The ECS Journal of Solid State Science and Technology is publishing a focus issue in connection with the 241st ECS Meeting Carbon Nanostructures and Devices symposia.

The ECS Nanocarbon Division offers eight to 10 symposia covering different aspects of nanocarbon research in the Society’s spring meeting and a general nanocarbon symposium in the fall meeting. About 15-20 percent of the presented papers in the spring meeting are from symposia offered by the nanocarbon division. Researchers across the globe participate in these meetings.

This focus issue is intended to encourage the up-and-coming younger generation of scientists working on nanocarbons to participate in ECS Nanocarbon Division activities and publish their work in Society journals. This intended high-impact issue will provide up-to-date information on all areas of nanocarbon research. (more…)

New book by Colin J. Lambert published

In March 2021, IOP Publishing published the latest book in their electronics subject area, Quantum Transport in Nanostructures and Molecules: An introduction to molecular electronics by Professor Colin J. Lambert, research professor at Lancaster University, UK.

This book presents a conceptual framework for understanding room-temperature electron and phonon transport through molecules and other quantum objects. It looks at the flow of electricity through molecules at the boundary of physics and chemistry, and introduces molecular electronics for physicists, and quantum transport for chemists.

Professor Lambert

Professor Lambert is a world leader in the field of single-molecule electronics. He has been a professor at Lancaster since 1990 and in 2010 was awarded a research professorship. He is also a visiting professor in the Materials Department at the University of Oxford, and an elected member of Academia Europaea. (more…)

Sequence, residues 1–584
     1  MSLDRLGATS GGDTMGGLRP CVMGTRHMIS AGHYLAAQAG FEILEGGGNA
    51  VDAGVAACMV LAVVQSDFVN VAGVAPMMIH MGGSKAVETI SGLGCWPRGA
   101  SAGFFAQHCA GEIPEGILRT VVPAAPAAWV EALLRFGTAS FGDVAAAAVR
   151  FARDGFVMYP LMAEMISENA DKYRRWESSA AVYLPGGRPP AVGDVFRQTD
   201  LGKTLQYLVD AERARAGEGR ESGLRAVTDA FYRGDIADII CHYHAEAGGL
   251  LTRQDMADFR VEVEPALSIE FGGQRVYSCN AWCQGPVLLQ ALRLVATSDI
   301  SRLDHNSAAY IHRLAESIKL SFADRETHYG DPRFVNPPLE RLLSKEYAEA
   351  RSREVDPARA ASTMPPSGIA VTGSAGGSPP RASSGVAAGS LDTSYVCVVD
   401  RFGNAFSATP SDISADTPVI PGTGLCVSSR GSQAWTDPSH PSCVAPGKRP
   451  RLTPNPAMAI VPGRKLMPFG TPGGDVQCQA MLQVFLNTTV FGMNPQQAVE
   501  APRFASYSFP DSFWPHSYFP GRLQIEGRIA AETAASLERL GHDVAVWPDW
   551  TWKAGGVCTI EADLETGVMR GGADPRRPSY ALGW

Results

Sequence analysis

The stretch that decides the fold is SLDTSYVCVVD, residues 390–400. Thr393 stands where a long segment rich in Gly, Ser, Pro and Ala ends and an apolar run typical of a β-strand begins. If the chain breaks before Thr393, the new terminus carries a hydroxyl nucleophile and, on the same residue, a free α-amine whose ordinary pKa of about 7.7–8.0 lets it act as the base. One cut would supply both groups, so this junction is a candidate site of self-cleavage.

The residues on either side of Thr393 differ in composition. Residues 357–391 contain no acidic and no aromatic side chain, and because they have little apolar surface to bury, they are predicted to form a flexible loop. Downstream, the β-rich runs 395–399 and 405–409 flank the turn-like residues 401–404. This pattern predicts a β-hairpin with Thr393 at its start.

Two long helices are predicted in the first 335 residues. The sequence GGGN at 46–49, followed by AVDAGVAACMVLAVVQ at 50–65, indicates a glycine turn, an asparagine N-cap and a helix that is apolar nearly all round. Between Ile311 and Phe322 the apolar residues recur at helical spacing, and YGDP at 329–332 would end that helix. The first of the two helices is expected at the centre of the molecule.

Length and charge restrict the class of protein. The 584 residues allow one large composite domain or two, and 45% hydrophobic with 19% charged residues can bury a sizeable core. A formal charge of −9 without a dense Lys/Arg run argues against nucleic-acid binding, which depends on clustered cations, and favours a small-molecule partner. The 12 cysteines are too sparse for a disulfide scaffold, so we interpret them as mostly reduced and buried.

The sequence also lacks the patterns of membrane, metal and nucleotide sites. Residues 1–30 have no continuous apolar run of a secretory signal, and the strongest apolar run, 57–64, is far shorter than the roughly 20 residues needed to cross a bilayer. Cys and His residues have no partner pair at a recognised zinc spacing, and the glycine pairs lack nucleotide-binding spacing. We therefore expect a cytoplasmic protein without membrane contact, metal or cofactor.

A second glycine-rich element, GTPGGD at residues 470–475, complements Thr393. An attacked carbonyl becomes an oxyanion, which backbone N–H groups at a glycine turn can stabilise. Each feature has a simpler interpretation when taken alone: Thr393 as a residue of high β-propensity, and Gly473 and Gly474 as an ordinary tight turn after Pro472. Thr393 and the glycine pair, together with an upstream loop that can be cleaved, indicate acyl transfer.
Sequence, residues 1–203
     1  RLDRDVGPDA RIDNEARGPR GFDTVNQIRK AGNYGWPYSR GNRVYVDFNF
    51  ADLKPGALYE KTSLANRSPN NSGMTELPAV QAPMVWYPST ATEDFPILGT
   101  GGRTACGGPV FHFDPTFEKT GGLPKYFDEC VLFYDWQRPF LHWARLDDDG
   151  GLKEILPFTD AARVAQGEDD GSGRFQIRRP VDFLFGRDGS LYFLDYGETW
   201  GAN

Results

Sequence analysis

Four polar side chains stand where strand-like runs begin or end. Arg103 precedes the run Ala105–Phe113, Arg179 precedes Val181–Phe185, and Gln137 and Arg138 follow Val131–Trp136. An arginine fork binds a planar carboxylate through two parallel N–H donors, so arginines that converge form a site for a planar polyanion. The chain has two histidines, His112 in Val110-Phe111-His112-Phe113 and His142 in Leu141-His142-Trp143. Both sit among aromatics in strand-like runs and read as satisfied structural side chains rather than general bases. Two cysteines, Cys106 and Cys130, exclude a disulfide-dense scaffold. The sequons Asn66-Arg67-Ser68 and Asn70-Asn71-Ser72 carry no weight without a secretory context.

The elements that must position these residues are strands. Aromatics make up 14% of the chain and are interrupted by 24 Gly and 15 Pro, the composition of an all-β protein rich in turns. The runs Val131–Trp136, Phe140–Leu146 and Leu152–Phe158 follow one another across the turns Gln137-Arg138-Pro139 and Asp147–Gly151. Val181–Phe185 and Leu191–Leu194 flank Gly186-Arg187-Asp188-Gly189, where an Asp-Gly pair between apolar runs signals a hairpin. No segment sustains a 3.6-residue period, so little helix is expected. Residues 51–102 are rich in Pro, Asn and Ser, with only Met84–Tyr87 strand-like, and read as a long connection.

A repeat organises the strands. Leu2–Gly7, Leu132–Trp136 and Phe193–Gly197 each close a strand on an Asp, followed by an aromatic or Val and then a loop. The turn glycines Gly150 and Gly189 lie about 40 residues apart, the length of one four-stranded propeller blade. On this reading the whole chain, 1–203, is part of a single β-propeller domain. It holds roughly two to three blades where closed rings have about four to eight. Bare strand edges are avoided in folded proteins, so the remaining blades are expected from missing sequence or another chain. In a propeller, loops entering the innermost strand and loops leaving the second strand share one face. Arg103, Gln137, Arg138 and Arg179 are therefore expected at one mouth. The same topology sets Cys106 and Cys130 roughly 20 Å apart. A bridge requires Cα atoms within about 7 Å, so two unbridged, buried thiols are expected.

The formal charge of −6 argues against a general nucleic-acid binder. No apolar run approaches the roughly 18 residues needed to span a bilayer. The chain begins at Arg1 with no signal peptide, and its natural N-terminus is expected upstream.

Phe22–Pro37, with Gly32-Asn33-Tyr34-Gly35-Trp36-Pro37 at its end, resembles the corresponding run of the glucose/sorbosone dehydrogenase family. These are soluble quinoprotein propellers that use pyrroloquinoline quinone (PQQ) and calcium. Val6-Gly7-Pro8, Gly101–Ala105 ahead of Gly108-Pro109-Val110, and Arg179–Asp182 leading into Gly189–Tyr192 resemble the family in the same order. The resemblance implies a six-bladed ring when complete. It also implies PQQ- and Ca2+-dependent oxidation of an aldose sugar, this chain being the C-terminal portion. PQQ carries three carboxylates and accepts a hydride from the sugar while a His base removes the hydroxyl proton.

Nanostructures on the surface of the fabric.
Image: Queensland University of Technology

Oil spills have had an extensive history of disrupting the environment, killing ecosystems, and displacing families. Impacts of massive oil spills are still felt in many parts of the world, including the undersea spill at the BP oil rig in the Gulf of Mexico that dumped an approximate 39 million gallons of oil into the gulf.

But what if these devastating oil spills could be easily cleaned up with a piece of fabric rooted in electrochemistry?

That may be a reality soon thanks to researchers at Queensland University of Technology (QUT). According to a release, the QUT researchers have developed a multipurpose fabric covered with semi-conducting nanostructures that can both mop up oil and degrade organic matter when exposed to light.

(READ: “Superhydrophobic Fabrics for Oil/Water Separation Based on the Metal-Organic Charge-Transfer Complex CuTCNAQ“)

The fabric, which repels water and attracts oil, has already has promising preliminary results. In the early stages of research, the scientists have already been able to mop up crude oil from the surface of both fresh and salt water.